For all three types of interview, proper preparation is required. In my opinion, not having a plan of action for your interview is the number one mistake people make during the job search process. You should be preparing and doing the necessary research to be successful in getting the “offer”. That’s the goal, right? Doing research about the company and the people that work there is key to being successful in your interview. You can research on LinkedIn to view an employer’s company profile or to review the backgrounds of the employees that currently work for the company you’re applying for. You’ll have tons to talk about and you’ll already know if you’d be fit with the team or have anything in common which I think is important. It’s a good way to impress the team you’re hoping to work for. If it’s not the right fit, though, don’t force it. People can see right through someone who is just obliging and flying by the seat of our pants.
Knowing the company's mission statement, and core values as well as how it is aligns with yours is a way to make a connection with the interviewer. Plus, it could potentially lead to a win-win outcome for both parties if the company's culture is one in which you’d thrive. There’s less likely a chance that down the road you’ll leave because of this reason. In addition, the employer will receive a high return on investments from your contributions and productivity.
Information such as how long the company has been around, their industry, the company’s size, and the product and services they provide are all important to know and quite difficult to incorporate in an interview, but it can be done. This can be found on the company’s website. I’d also suggest researching the interviewer's background through LinkedIn. Not everyone has a professional page but if they do, I’d peek and see if there are any connections or if there is something in their background you’re interested in knowing more about. Heck, ask why they left each company. You’re getting to know the company and the people you’ll potentially work with so it’s important to note that you’re interviewing the company just as much as they are interviewing you.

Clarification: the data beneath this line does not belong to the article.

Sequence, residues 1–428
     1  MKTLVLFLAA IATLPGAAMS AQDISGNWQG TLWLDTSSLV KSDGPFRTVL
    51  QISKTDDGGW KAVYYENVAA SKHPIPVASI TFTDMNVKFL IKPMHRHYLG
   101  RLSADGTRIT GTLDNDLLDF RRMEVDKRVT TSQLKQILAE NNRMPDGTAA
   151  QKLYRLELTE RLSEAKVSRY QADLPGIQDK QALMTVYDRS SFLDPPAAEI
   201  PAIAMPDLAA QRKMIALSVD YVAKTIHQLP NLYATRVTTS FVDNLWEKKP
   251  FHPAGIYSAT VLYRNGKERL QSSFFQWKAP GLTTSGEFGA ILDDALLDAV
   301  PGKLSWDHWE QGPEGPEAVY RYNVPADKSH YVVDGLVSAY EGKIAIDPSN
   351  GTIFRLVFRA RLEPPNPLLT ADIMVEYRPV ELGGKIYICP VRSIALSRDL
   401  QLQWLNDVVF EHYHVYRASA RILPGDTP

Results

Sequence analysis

When you’re doing your research, look at the interview process from the perspective of the employer. Consider what they are looking for while you’re doing your research and preparing to answer potential interview questions that they may be asked during the interview. The best place to start your research is the job description because the client provides you with the blueprint to what they are looking for in their next new hire or employee. And, I know most employers are asking for too much or are looking for the perfect candidate which in the industry we call a “purple squirrel." We all know that doesn’t exist. Ultimately, though, the employer is evaluating your aptitude for doing the job functions required for the position you applied for, your ability to make a positive contribution to the organization's financial growth and if you’re a culture fit.
Employers are always looking to see how you can be an asset to the company, how your contributions will affect the organization's financial growth, if you’d be a good fit with the current team and with the overall company culture. Individuals with diverse backgrounds in their work history as well as in their demographics is beneficial for any organization.
In my experience, I’ve witnessed diverse candidates shine a light on blind spots within the organization that impacted the company’s strategies and revenue negatively. It is essential to have talented people on the team that can, one, identify problems and challenges within the organization, two, are fearless in bringing it to senior leadership's attention, and, then ultimately, assisting in bringing about changes to the landscape of a broken internal process. By implementing process improvements, it saves money and positively impacts the company’s bottom line and overall well-being of the organization. Leading to widespread changes throughout the entire company. Change that matters in the big picture.
Diverse perspectives are crucial for an employer's overall financial health too. For most of us, we are in the trenches and are on the frontlines as far as talking to clients, vendors, customers, candidates, employers, or whomever. We are the eyes and ears for senior leadership. Being able to partner with all levels of internal and external stakeholders of all backgrounds is also a vital part of the overall operations of most, if not all, employers in our capitalist market.
In my opinion, I believe diverse candidates tend to outperform colleagues who’ve been with their employer for a number years or, in many cases, decades and will have higher productivity results too by being more efficient with their time or just having better work/life balance. One thing is for sure, though, the candidates that stick out the most have high business acumen, are more charismatic, and articulate; exuding positivity, and have visibly successful careers.
All-in-all, we looked at the 3 types of interviews, how you should prepare for each, what you should prepare for, how you should go about preparing for your interview, what you should research and what employers are looking for overall that you should prepare in order to be able to answer questions before the interview even begins.
In my next blog post article, I’ll provide answers to question’s companies tend to ask during the interview, and how to answer these questions, especially the questions asking for your salary expectations and the infamous "Tell me about your self". Stay tuned!
Thank you for reading. I hope you enjoyed it and if anything resonated with you, I’d love to hear your comments and feedback.